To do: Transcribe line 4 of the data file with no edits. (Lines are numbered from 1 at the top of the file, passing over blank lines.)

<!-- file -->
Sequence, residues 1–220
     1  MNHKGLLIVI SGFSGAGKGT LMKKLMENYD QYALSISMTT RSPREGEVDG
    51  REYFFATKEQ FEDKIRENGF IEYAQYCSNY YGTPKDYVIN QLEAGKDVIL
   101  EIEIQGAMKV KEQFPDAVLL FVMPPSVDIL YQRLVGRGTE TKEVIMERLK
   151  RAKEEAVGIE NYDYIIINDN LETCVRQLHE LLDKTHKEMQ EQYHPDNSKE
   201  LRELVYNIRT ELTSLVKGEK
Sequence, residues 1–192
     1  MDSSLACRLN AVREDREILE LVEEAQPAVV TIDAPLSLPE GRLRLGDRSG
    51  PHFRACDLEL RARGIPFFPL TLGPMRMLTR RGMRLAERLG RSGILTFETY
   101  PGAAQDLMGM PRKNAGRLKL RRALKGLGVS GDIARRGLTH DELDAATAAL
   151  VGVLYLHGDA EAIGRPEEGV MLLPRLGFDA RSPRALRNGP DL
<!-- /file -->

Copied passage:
   101  EIEIQGAMKV KEQFPDAVLL FVMPPSVDIL YQRLVGRGTE TKEVIMERLK